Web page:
Repeating History — Using Old Formats to Get Better at 2020 Pokemon

Hey guys! It’s Charlie and I’m super happy to be back with another article! Quarantine has been going pretty well, I just graduated from high school and am super looking forward to starting college in the fall (hopefully in person)! In the past couple weeks, I’ve taken a much-needed break from thinking about Pokemon and used my time to try some things I’ve wanted to do, like learning the piano and reading lots of books. One of those books spent a long time discussing the author’s chess career and how he was able to improve over the years and become a world-class player. A theme I saw constantly reinforced throughout the book was digging deep into history by studying incredible games between the best Grandmasters in the world. Games from the early 1900s were often dug up as reference material when making tough decisions between moves, allowing players with deep historical knowledge to better understand complex positions and quickly adapt when the momentum shifts.

While Pokemon is not as “deep” a game as chess (I define “deep” as the number of incredibly distinct situations with thousands of viable lines of play), it is much more diverse. The pieces (cards) are different in pretty much every game and you get to choose which 60 cards you want to bring to a tournament! Top player and two-time Worlds Finalist Ross Cawthon said in an interview with Pokemon, “The pieces are different from tournament to tournament, so it’s always a new challenge.” New sets are released every three months and the Standard format is rotated once a year, forcing players to adapt their decks and skill set to the changes. In this article, I will dig into Pokemon’s history in an effort to highlight important skills that separate the good players from the great ones.

This article will be very focused on more recent formats as I have Worlds-level tournament experience in them, but I have played enough retro Pokemon to learn a lot of these important lessons from the games. I encourage everyone to try out some of these older formats on their own through webcam games, printing proxies for tournaments or using other online platforms.

Base Set to Pre-Diamond & Pearl: Before My Time

While these formats are beloved by the Pokemon Retro Community, I sadly have little to no experience playing them and I don’t want to speak on something I’m not qualified at. I hear that the Wizards formats (before EX Ruby & Sapphire) required intense resource management and the beginning of the Nintendo era (EX Ruby & Sapphire-on) highlighted the importance of powerful techs, but I don’t want to say too much when I don’t know enough. Don’t worry, all of those concepts are applicable in other formats and make for as good of an example!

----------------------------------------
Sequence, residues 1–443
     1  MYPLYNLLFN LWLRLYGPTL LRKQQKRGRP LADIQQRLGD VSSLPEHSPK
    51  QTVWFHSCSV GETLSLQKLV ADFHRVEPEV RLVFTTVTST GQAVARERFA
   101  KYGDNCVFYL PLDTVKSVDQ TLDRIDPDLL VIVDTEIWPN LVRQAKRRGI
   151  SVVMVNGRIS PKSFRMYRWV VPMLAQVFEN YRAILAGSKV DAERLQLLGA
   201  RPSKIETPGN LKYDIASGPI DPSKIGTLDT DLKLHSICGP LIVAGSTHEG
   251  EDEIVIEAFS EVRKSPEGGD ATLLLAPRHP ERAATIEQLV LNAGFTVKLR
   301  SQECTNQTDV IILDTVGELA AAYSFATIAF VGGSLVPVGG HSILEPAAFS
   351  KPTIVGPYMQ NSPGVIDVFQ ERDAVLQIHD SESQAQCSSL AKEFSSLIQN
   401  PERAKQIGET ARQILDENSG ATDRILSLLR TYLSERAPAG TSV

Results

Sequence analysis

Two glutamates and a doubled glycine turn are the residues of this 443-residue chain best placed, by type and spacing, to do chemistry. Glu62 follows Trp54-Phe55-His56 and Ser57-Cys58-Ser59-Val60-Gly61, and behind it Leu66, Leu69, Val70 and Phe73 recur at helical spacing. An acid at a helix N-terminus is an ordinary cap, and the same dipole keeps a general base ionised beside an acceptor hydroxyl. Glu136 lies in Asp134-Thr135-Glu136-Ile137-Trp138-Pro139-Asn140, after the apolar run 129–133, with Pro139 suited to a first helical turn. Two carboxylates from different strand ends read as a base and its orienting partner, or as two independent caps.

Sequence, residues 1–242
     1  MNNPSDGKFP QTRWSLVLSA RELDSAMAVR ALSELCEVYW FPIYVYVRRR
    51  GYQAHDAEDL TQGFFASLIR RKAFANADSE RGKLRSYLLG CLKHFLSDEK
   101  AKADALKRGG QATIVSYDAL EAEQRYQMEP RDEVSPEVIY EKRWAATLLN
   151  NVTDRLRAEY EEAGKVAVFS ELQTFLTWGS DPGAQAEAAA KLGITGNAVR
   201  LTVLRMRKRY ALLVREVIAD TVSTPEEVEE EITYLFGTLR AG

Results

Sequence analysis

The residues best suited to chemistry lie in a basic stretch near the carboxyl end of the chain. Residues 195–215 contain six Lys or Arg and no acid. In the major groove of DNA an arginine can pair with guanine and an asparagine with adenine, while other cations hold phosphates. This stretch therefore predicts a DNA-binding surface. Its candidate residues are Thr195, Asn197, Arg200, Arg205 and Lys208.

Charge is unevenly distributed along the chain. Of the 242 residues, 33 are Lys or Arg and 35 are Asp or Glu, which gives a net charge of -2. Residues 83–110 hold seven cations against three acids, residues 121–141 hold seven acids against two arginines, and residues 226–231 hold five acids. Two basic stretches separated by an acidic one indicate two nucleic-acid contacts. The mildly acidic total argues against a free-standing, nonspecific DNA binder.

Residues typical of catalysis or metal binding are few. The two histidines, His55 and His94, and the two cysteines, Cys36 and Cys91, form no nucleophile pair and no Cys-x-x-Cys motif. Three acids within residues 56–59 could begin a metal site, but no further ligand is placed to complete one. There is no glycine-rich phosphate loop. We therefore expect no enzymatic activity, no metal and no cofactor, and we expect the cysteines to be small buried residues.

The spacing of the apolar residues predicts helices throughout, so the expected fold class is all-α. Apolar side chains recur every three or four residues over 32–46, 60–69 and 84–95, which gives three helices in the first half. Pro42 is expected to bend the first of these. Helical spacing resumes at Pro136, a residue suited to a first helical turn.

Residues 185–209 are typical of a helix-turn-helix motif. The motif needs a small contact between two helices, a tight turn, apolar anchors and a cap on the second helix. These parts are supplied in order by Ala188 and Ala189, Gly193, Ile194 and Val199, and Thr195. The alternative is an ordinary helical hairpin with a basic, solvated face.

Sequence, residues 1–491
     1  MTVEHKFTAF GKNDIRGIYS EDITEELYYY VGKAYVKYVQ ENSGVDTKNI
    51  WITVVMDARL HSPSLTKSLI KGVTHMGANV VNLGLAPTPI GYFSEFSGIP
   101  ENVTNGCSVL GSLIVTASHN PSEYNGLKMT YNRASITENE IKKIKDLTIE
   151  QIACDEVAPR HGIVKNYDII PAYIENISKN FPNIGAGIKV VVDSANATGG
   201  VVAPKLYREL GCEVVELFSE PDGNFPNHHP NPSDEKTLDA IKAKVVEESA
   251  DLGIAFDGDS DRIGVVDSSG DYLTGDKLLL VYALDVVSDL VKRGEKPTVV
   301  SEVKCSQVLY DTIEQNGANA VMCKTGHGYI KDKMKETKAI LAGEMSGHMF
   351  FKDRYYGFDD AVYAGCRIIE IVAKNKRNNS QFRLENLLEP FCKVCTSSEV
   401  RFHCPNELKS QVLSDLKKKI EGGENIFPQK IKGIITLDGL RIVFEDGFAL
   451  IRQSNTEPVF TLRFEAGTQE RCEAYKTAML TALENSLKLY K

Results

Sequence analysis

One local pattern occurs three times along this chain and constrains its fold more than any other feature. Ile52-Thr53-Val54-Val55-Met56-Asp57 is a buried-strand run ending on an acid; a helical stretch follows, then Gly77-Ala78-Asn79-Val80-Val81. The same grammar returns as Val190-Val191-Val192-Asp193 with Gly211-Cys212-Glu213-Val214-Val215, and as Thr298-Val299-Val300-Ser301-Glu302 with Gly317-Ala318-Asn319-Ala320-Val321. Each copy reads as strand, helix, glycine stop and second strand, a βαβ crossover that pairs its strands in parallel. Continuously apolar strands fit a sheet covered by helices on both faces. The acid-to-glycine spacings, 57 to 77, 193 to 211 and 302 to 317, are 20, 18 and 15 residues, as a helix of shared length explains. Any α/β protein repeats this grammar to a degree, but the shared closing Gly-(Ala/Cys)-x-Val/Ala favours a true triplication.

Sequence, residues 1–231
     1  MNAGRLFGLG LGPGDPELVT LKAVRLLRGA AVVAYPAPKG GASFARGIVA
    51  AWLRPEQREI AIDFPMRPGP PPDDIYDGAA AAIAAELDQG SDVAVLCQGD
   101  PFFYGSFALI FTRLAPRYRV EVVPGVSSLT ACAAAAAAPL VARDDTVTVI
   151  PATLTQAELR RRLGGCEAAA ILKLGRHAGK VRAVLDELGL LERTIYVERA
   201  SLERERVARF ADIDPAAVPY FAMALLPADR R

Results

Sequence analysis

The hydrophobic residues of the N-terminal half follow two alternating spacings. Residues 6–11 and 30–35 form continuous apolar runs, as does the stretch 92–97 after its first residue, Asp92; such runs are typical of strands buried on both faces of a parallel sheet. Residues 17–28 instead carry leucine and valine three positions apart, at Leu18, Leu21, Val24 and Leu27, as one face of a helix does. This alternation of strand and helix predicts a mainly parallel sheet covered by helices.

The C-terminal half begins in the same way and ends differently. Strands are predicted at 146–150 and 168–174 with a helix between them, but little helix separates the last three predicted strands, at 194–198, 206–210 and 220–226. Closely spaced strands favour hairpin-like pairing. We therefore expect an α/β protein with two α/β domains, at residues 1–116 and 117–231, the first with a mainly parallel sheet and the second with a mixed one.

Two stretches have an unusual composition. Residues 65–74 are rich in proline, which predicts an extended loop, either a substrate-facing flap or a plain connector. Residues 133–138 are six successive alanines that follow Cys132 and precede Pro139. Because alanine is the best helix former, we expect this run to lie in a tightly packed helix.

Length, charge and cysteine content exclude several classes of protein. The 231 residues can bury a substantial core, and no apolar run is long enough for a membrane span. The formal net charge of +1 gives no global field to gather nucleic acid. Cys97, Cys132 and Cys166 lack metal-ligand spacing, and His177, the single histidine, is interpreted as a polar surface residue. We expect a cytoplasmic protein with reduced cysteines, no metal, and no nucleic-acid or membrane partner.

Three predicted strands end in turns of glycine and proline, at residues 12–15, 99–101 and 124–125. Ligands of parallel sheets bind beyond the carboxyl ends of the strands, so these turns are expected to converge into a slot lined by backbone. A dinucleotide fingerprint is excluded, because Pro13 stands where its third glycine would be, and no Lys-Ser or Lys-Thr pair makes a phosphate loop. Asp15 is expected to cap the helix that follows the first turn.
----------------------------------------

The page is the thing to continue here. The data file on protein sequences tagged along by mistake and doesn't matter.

DP-on Formats (2009 and 2010): Wait, What Does That Do?

The formats consisting of primarily Diamond & Pearl sets are some of the best formats in the history of Pokemon. They were headlined by an incredibly diverse field of powerful decks, an all-single-Prize format (the only time multiple Prizes were taken in the meta was with Expert Belt), and lots of Evolution / Pokemon Level-Up cards. However, I think the most important thing to discuss from this format would be its inclusion of techs, specifically when it comes to decks featuring Pokemon SP.

Similar to today’s Ultra Beasts and Team Plasma Pokemon, Pokemon SP were their own class of Pokemon that had many cards printed to support them. Pokemon SP were all-Basic Pokemon (other than Pokemon Lv. X), fast, and incredibly powerful, similar to decks built around cards like Buzzwole-GX in the 2018 season. Unlike Ultra Beasts, there were a total of 102 Pokemon SP printed over a span of four sets in 2009! For reference, only 36 unique Ultra Beast cards were printed. The real kicker comes when you start reading the powerful Trainers that help support these Pokemon SP. There are insane Trainers like Poké Turn, Energy Gain, and Power Spray alongside Supporters like Cyrus's Conspiracy, Pokemon SP players had access to so many different tools in their pursuit of six well-earned Prize cards.

The most famous deck of the 2010 season, Luxray GL LV.X / Garchomp C LV.X (LuxChomp) was one of the most teched-out decks in the history of Pokemon. In an era where players rarely ever shared their decklists, LuxChomp players could show up to the table with something you may have never practiced against on a regular basis. Worlds 2010 saw the introduction of techs like Entei and Raikou LEGEND to beat certain matchups, but absolutely nobody took it further than one of Pokemon’s all-time greats: Tsuguyoshi Yamato.  Never before had I seen a deck include so many different Pokemon that all served a purpose in the core strategy; he even included a 1-1-1 line of Gardevoir! Here’s Yamato’s list from 2010:

Tsuguyoshi Yamato LuxChomp / Gardevoir Decklist

This concludes the public portion of this article.

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